The Gypsies

June 10, 2013
By Aishiah BRONZE, Central Point, Oregon
Aishiah BRONZE, Central Point, Oregon
4 articles 1 photo 2 comments

Favorite Quote:
Look past the errors; you may just find the irony within.

“Get back to work!” said a tall, big bellied man. He clearly hadn’t bathed in weeks. I snapped my head up quickly and gave the man an angry stare; “But my sister, she’s in pain.” He didn’t seem to hear me, or at least he showed no sign of it through his large charcoal eyes. “Get back to work!” He spat. I was finding it hard to look at him now. There was only hatred in his eyes. I lowered my head, helped my 7 year old sister up from the murky water and returned a cold emotionless gaze to the German officer. I soon saw the mistake that I had made.

After returning to our tents that night my sister collapsed, I didn’t think that she was going to get up. “Please, please don’t give up. Don’t leave me here alone.” I whispered between tears. But as she lay there limp, I let out a soft stifle. A big mistake. Two officers came into the small space that my sister and I occupied and they took her from me. I was beaten that night and told that I was nothing, that I was just a lying, thieving, gypsie. My heart sank. Not because I was in severe pain, but because I never saw my sister again.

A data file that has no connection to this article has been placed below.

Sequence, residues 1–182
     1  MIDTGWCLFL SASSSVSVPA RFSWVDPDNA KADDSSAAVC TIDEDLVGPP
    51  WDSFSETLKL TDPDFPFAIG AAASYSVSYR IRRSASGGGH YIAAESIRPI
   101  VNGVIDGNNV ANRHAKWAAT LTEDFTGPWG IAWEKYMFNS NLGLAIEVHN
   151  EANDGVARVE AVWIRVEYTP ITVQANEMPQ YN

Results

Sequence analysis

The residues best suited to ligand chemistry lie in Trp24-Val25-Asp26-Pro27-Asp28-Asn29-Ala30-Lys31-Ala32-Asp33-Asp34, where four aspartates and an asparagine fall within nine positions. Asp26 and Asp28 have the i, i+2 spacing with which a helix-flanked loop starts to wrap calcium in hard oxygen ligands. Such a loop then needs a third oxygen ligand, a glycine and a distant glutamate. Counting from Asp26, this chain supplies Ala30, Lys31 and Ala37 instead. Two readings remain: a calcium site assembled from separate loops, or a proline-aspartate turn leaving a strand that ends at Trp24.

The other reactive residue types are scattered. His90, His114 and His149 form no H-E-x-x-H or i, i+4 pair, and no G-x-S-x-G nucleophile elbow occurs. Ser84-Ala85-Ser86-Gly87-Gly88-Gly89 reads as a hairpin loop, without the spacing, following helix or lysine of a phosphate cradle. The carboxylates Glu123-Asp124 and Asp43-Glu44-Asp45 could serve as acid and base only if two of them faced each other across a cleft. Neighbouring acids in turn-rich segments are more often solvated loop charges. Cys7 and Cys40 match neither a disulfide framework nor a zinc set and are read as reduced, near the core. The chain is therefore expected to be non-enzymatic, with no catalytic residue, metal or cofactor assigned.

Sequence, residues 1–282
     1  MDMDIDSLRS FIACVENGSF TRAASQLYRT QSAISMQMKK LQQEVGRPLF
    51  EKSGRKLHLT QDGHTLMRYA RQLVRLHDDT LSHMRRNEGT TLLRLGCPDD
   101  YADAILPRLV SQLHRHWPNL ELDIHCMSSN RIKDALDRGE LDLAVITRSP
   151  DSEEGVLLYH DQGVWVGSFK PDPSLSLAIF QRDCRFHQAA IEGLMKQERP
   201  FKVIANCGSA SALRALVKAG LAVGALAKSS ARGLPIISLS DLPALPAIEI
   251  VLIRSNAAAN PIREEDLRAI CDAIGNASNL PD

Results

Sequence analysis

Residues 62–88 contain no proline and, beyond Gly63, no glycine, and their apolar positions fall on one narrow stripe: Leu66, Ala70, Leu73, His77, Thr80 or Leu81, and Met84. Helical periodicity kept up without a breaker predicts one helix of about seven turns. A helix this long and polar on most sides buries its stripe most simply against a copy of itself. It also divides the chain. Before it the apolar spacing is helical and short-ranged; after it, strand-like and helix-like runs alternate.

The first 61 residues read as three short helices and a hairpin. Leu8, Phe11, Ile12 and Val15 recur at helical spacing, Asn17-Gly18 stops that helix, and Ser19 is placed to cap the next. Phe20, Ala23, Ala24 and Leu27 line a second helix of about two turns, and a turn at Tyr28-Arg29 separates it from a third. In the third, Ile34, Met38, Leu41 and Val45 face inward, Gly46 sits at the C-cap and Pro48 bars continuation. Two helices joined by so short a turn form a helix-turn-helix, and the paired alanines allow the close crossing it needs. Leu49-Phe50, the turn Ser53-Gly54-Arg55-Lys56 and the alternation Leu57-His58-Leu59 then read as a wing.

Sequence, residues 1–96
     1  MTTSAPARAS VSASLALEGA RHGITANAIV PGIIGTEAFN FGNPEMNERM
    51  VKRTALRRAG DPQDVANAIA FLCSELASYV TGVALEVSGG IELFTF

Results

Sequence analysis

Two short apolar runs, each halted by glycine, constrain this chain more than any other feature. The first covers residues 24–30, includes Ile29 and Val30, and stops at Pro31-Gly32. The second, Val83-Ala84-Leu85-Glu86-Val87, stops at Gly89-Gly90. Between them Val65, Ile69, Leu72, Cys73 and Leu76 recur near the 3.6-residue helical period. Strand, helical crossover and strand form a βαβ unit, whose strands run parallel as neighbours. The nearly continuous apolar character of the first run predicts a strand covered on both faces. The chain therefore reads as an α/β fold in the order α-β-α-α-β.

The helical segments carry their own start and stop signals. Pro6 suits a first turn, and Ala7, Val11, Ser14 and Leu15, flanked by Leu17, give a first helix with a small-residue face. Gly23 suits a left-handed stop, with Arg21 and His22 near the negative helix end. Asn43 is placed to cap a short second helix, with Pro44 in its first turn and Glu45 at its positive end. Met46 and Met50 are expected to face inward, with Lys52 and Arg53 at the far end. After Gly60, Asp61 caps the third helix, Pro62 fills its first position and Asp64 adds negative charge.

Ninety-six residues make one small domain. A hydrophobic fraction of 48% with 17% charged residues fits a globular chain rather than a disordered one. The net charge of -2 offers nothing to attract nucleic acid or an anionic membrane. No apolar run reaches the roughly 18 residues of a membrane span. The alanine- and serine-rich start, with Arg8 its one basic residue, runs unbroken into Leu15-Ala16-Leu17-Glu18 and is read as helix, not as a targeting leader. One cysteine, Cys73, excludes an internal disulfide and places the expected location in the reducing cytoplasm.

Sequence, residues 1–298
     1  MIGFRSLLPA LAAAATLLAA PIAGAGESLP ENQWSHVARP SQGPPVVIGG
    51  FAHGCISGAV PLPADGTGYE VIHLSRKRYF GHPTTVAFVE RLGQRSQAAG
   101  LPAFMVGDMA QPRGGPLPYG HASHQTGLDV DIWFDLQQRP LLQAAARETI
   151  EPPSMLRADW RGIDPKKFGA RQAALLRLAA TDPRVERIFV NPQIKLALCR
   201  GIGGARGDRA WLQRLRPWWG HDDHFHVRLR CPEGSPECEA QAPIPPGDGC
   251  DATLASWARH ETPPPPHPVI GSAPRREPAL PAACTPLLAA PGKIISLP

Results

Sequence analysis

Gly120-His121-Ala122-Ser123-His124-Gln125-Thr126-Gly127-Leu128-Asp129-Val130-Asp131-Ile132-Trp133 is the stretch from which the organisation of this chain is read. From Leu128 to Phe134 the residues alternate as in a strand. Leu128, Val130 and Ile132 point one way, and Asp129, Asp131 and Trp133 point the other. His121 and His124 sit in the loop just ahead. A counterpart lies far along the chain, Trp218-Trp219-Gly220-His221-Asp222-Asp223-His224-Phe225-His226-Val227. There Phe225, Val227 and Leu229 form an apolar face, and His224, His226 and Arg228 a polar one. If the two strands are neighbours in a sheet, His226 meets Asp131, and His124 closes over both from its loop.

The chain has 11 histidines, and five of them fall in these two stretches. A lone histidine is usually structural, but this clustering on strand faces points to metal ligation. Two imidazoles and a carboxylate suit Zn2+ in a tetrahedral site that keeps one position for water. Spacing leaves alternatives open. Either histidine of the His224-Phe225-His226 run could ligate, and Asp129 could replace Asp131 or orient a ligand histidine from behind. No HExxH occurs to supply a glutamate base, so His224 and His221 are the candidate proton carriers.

Many things happened to me as a child. And the penalty for being a gypsy was one. Now that I am older I look back and I am grateful that I survived. Did I grieve for the others? Yes, I grieved not only because others died but my family did as well. They were brutally murdered, my mother shot in the face 13 times, my father killed for protecting us, and my sister. My dear sister, she was never seen again.
It wasn’t only the Jewish people that suffered during the Holocaust. I am living proof of that. The Gypsies were targeted and expected to be eliminated as well as the Jews. I will never forget the way the ringing of my sister’s screams when they took her away, the way that my mother’s body jolted against the wind trying to defy gravity, or the way that my father’s head hung low as he marched away with the other men. They too were forever saying goodbye it their families.
Don’t take what you have for granite, in an instant it can be ripped

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